Friday, September 11, 2009

Baseball In The Daytime: 11 September 2009

Let's all take a moment to remember the 2,998 that lost their lives in the senseless attacks that occurred eight years ago today. Then let's leave work, buy some beer, and enjoy the fruits of American liberty. Baseball In The Daytime--something al-Qaeda can't take away.

Your daily stick of Wrigley, after the jump...

Cincinnati @ Chicago Cubs, 12:20 As we watch Dusty Baker's two most recent employers face off today, let's debate: Does Dusty have any clue what he's doing as a manager?

The short answer is no, but we'll get into a longer version of no as well. In two years commanding the Reds, Dusty will soon have two fifth-place finishes to show for it. This team is worse than the '08 model, and if you choose to make excuses you could point to the injuries that have kept Joey Votto, Edinson Volquez, Jay Bruce and Johnny Cueto out of many games this season. Those aren't Dusty's fault--except with his young starting pitchers maybe they are--and neither is the career nosedive of Aaron Harang. Dusty's also not responsible for the little joke of a bandbox the Reds play in, the one that makes it virtually impossible to develop effective pitching.

What Dusty is on the hook for is a teamwide philosophy of playing the game the wrong way. We've all heard about Dusty's loathing of OBP, walks, Moneyball and "clogging up the bases." We've seen him attempt to change the hitting philosophies of guys with great plate discipline, like Adam Dunn, Ken Griffey and Votto. We've seen him give prime spots in his lineups to awful veterans instead of promising kids--how come Neifi Perez, Wily Tavares and Corey Patterson follow Dusty from job to job when no one else will hire them? We've seen Dusty ask meathead sluggers Dunn and Edwin Encarnacion to lay down sac bunts, fail, and then watch those meatheads hit walk-off homers. And we've seen Dusty shred the arms of Mark Prior and Kerry Wood, then overwork the fresh tissue of Volquez and Cueto.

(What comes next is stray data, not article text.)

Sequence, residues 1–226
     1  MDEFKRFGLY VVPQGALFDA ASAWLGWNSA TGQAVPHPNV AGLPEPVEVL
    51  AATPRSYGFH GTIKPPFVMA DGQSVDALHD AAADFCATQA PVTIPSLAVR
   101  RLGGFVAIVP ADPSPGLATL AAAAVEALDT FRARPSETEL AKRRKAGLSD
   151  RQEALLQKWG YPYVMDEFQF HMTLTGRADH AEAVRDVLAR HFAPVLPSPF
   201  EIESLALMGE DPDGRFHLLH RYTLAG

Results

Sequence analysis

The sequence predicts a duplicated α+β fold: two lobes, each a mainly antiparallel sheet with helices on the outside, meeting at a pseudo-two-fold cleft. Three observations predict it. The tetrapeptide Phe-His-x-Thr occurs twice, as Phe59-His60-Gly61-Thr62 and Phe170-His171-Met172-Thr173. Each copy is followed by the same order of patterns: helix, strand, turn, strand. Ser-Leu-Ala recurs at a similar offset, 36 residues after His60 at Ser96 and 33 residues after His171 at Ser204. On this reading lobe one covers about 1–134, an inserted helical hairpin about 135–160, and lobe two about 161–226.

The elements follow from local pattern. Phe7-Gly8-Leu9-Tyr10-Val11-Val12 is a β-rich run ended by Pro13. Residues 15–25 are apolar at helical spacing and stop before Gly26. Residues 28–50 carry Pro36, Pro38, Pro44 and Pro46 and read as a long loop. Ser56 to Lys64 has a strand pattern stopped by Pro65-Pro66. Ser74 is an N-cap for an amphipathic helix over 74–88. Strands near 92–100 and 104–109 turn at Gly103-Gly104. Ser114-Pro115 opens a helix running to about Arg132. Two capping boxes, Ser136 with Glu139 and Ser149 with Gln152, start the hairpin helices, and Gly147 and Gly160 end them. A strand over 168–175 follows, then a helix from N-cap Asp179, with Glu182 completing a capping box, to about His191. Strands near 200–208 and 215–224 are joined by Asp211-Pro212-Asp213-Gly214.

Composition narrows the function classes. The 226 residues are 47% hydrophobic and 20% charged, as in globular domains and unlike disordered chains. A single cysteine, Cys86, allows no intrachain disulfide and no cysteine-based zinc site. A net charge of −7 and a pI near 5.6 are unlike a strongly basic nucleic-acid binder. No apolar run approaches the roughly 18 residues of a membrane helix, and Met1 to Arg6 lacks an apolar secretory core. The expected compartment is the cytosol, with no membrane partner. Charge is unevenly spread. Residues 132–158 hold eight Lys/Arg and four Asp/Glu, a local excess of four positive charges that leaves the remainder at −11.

I know a lot of baseball men think today's game and today's players are soft. That if we could get back to playing the way we did when Dusty was an active baller that baseball would be better. While there's some romantic merit to this nostalgia, I think it's mostly bullshit. Players are better conditioned and better prepared than ever. The game is played on a higher level by more players than ever before. Scouting, research and statitical analysis add to this ongoing improvement. The game is simply better than it was in the 60s and 70s, but Dusty is stuck in black and white TV. Just because you stood in the on-deck circle when Hank Aaron hit No. 715 does not mean you have any clue how to win a ballgame in 2009.

Dusty values speed, which is great. Speed makes everything better. But Dusty also prioritizes fast players with no other baseball skills (like Tavares and Patterson) over slower players who can actually see and understand the game. And this is one reason the Reds can't get any better. If I'm running that team Baker is gone. But what do I know? I'm just blogging in my Fruit of the Looms in Mom's basement. Dusty assigns Dustin Lehr to pitch for his woeful Reds today, while Lou Piniella asks Rich Harden to jab and thrust. Put some pants on and Play Ball!

2 comments:

bankmeister said...

Someone told me last night that Charlie Sheen, or some other generic actor, is openly saying that he believes that the 9/11 attacks were a government conspiracy. We've all obviously heard this claim cycled through the mills before, but a popular figure?

Duh...

old no. 7 said...

The truthers movement is going mainstream.